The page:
starts to wonder if the title has further resonances. Has all been well in the camp this year? "Well, we all get frustrated - either because we get out-of-practice and then it takes some time to hit the spot, or we get particularly bored by the promo side of things, as you've heard! - or when we've done gigs cos it always goes balls-up somehow."
Hmm. Andy, you've not done synthpop for a while, is this track a first step back to the genre? The ginger boffin grimaces. "Well... we've always tried to mix folk and electronic elements, it just seemed to make sense for 'Shelved'. I think we will be trying some pure electronic things in future EPs, ask me again next year!"
Next up, an acoustic ditty with a touch of Suzanne Vega about it ("Really?" Andy replies, as if it's only just occurred to him), "Architecture Weekly" casts an acerbic eye around the London that two of the band still call home. "Old Street was the specific influence, though the lyric built up over various bus journeys. You know - at any given point, half the city seems to be in flux, and Transport for London has this booklet explaining how they are overhauling every Tube line - the timeline extends until about 2030. At which point they'll start over again". Here, the band's by-now-signature reverb is used with a chaotic lapsteel to recreate the screeching and banging that is part of the modern skyline. The track ends with a nod to the renewed interest in anti-capitalist protest, exhorting all to "reclaim the city" - "Hey kids, drink up we're leaving, to replant the garden, dig a fishpond as well".
What's the other sane response to all this concrete? Well we all want to get away. "Departure Lounge" is one of the most library music-styled pieces we've seen from Keshco, which runs a fine line between parody and Pages From Ceefax. Tidal waves of cymbals against a pair of slipsliding lead guitars, called to a halt by the airport chimes of the boarding call. A jetliner screams across the stereo. A massively upbeat jam kicks in, all wicky-wicky percussion and insane twanging, the perfect music for dancing ninnies.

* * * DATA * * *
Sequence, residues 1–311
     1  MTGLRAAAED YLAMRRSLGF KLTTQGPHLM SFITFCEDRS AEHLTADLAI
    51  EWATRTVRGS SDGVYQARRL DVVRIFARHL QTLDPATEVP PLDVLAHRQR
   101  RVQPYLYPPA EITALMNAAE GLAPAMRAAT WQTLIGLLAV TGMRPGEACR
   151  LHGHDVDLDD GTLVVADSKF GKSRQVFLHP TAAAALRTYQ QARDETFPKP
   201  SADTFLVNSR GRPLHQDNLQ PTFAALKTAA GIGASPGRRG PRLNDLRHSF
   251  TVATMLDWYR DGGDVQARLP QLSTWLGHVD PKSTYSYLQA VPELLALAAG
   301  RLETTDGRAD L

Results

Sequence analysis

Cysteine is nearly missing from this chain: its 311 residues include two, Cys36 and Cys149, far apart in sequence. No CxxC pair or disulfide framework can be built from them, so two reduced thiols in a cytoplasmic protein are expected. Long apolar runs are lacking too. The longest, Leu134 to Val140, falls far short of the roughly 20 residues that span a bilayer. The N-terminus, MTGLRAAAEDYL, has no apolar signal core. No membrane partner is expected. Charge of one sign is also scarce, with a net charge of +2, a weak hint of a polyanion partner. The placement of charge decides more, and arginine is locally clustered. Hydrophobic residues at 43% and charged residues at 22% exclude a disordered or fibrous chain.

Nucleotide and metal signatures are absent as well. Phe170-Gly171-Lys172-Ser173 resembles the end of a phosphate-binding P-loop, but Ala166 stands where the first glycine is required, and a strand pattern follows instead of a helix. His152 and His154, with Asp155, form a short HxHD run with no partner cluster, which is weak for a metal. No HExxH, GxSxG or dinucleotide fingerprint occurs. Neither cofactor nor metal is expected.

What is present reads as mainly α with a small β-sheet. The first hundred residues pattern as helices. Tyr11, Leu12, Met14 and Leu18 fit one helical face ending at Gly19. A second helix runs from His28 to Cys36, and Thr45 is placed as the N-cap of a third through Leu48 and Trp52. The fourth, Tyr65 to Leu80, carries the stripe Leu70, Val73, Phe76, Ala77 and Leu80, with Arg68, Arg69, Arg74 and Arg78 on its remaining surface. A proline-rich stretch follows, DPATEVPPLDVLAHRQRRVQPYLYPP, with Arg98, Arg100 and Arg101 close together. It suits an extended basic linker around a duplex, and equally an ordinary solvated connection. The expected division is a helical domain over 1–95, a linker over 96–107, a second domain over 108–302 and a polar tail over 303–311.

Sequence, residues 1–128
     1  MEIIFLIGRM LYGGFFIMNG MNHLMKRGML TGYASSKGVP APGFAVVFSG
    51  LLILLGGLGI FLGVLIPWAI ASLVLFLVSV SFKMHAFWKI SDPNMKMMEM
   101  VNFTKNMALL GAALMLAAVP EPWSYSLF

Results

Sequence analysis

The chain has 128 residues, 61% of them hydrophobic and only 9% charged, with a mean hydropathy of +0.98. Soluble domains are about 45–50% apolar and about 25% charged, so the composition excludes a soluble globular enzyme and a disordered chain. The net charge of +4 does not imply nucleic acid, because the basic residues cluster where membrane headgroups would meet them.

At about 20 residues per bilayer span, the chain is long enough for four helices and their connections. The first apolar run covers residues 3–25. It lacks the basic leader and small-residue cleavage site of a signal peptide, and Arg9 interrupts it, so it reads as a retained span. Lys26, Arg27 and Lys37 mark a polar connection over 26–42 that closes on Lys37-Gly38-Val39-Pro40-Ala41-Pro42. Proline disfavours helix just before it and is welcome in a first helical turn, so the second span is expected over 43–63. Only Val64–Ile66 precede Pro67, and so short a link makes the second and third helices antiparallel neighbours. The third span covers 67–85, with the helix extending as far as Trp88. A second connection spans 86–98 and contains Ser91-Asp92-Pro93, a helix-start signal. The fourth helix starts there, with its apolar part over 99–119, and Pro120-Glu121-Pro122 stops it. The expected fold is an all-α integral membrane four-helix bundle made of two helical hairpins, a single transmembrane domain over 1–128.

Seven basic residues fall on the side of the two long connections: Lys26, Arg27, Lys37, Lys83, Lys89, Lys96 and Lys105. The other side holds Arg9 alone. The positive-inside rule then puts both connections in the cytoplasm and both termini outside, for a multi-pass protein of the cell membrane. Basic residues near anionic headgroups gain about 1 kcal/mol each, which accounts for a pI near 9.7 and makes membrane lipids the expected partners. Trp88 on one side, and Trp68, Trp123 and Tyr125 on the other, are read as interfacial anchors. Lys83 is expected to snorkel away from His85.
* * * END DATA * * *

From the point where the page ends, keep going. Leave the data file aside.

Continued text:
It's straight back down to earth, as metallic distorted Casiotone percussion heralds "Long Road To Castle Acre", a post-break-up lament backed by transistor organ and restrained tremolo guitar and bass. "That one had a... nutty genesis. Robert sang the original lead vocal with the beats and organ, then played that mixdown in Goldwave through the air and recorded a mono track of live drums over the top. We then worked from that mono track when adding the other instruments. It adds a kind of telephone quality to his voice."
Perhaps the most noticeable addition to the sonic palette this time is the lapsteel ("we're still honeymooning with it", Andy grins); and indeed track 7, "Like Home", is a complete band of the things, seemingly put through a long wave radio. Snatches of other tracks jostle with the meanderings of the pure electronic tone of the airwaves, before taking over the following minute completely.
The EP's last track, "Wiped", is pretty sombre. "It's specifically a tribute to Broadcast singer Trish Keenan, who died in January 2011. We had some contact years ago, and I'd always hoped our paths would cross again, so took it pretty badly. At the time, I was reading a book about the attempts to recover lost episodes of [British sci-fi serial] Doctor Who, and some of the increasingly convoluted concepts seemed to fit." The track has more than a whiff of Americana, with that lapsteel again taking on melodic duties. "We kept that one pretty simple, as the lapsteel and reverb seemed to do all the work by themselves. You've also got the reference to hauntology, which is the style they were exploring a couple of years back."
The stereo has fallen silent. So, what comes next, Andy? His eyes briefly light up. "Well, we have this 26 minute track... and another Cocktail, and another Bleak House, and a cassette, a horror EP, and a bonsai EP..." With that, Beware!
downs its chai and takes its leave.